Saturday, January 22, 2005


Have a Pickle.

For any NPR listeners pulling their hair out trying to find a copy of Timothy Dexter's berserk unpunctuated memoir A Pickle for the Knowing Ones: it's been out of print for a while, and old 19th century reprints easily go for $200 apiece. So put down those wallets for a moment. I've never seen an original 1802 edition for sale, but I imagine it would go for many thousands now.

But! There is an online transcription by a Newburyport history teacher who occasionally dresses up as Lord Dexter for public events. Also, there is a way to get a really great-looking old copy of Pickle. Here's the thing: it's inside another book. The once-famous novelist John Marquand -- he won a Pulitzer for 1949 novel The Late George Apley -- also happened to be from Dexter's hometown of Newburyport MA, and he wrote not one but two books on his favorite local loon. His 1925 Lord Timothy Dexter actually contains an appendix with the Pickle in its glorious entirety. Because Marquand is a once-famous-now-forgotten author, it means that his books are plentiful and cheap. You can find Lord Timothy Dexter for five or ten bucks at many used books sites, and it's got a beautiful 1920s jacketless binding -- by far the cheapest and most handsome form of the Pickle to be had.

Also not to be overlooked: Marquand's 1960 memoir Timothy Dexter Revisited. Also out of print and plentiful in the used-book stacks. It's a gem. On the surface, he goes back to his earlier work from 35 years before, finds it wanting, and completely rewrites it. But Revisited is really an elegy on the passing of time in Newburyport, and how all the familiar landmarks and routines of daily life from Dexter's era, still visible during Marquand's youth in the 1890s, were inexorably disappearing under the tide of modern life.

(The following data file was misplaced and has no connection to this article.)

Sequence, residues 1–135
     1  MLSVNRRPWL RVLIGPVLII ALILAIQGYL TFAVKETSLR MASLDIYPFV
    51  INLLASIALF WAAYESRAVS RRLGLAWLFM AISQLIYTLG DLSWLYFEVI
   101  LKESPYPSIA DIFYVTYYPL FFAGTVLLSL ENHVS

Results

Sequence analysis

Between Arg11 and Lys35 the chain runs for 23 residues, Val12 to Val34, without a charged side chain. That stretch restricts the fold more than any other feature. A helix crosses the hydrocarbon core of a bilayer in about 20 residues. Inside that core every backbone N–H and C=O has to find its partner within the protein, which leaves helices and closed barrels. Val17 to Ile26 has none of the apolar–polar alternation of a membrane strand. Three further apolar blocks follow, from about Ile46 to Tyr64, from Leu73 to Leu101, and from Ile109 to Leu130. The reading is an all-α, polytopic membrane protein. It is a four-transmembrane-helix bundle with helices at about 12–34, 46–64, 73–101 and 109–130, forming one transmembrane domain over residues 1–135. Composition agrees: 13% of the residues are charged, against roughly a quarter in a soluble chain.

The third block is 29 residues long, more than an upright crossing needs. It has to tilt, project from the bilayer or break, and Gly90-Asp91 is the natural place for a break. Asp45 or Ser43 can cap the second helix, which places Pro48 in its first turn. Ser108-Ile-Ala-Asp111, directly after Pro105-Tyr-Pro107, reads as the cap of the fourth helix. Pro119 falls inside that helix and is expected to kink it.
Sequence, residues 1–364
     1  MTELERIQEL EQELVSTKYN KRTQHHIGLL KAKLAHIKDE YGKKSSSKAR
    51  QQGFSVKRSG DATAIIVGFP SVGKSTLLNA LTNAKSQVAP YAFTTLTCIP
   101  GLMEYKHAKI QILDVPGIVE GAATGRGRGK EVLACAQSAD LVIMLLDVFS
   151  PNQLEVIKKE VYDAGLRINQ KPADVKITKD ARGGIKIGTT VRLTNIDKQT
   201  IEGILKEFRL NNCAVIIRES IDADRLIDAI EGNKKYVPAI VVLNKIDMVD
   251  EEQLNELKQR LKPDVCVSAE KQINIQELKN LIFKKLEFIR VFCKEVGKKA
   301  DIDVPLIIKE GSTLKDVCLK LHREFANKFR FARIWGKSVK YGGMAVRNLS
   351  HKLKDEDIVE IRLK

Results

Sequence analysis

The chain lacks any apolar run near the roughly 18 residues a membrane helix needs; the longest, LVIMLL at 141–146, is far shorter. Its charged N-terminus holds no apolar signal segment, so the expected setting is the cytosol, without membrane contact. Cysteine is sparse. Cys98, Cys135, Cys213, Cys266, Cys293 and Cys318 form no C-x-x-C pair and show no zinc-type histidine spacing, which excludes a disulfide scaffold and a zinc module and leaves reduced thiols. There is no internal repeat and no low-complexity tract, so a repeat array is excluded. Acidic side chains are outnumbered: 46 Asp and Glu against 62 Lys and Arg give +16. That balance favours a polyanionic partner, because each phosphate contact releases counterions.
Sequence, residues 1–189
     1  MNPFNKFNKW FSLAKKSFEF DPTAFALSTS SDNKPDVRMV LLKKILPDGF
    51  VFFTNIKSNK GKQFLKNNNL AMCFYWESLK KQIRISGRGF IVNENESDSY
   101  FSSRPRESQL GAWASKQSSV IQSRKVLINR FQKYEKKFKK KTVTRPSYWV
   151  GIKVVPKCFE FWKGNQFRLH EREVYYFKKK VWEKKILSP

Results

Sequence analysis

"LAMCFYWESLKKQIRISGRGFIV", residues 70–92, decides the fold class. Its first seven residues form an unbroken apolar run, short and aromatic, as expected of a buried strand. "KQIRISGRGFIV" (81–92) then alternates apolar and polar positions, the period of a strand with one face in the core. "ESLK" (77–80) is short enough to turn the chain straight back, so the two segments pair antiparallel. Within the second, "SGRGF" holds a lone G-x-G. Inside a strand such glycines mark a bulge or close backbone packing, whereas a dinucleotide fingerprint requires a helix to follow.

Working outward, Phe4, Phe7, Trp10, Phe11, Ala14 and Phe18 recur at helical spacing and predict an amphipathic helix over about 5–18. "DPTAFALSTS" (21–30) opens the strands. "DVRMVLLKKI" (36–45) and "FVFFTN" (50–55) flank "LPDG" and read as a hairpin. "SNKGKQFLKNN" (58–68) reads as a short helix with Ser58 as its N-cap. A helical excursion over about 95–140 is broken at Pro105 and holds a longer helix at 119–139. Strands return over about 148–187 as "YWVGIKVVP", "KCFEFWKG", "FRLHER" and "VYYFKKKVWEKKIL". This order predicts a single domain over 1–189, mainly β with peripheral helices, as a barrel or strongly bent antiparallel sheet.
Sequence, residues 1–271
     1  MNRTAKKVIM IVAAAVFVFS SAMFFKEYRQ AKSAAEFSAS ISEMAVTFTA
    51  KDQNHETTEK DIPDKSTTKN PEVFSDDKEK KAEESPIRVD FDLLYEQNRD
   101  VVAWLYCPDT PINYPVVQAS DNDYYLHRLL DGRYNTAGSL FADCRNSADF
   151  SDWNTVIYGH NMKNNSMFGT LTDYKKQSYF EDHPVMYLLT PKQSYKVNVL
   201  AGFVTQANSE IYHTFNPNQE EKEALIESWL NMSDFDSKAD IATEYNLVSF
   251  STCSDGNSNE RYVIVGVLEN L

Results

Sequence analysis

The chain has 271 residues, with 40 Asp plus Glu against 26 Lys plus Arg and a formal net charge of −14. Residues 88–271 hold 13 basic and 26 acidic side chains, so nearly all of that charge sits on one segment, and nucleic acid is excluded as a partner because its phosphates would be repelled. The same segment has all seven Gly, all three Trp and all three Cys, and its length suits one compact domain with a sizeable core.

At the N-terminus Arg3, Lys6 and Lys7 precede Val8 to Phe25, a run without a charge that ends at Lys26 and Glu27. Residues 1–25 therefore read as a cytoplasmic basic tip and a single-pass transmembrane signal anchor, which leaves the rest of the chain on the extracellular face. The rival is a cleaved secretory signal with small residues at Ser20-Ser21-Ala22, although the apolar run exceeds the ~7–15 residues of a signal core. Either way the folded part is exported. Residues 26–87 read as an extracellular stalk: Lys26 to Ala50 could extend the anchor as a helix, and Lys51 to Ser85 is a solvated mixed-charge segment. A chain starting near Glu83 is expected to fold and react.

In the opening days of the 20th century, the 17 year-old Marquand and his cousin retrace Dexter's walk from Newburyport to Boston:

We decided to begin the walk at night, since at that time the road would be nearly deserted. It would surely be highly dangerous to take such a walk at present. Eliminating the probability of being killed by a truck or motor car, there would remain the certainty of being stopped by the police. The hour we selected was midnight, and two of us made it in, I imagine, bettertime than Timothy Dexter. I recall sitting down in Salem to a breakfast of of oatmeal, cream and coffee and momentarily blacking out when the heavy food hit my stomach.... My cousin twitted me about the Salem mishap until we reached a point near Lynn, where we stopped at a small store that sold candy and soft drinks. Here I took a malicious delight in watching him, after he had drunk a glass of Moxie, turn ashen, stagger to the rear of the store and collapse on a trestle table, upon which the owner had been making candy.

They reach the Hotel Lenox in Boston after 12 hours of walking; but what stays with Marquand are the first minutes of their walk and realizing that, with darkness to cover the passage of time, his town's looming old buildings suddenly looked just as they had 100 years before... new, slumbering, full of promise.

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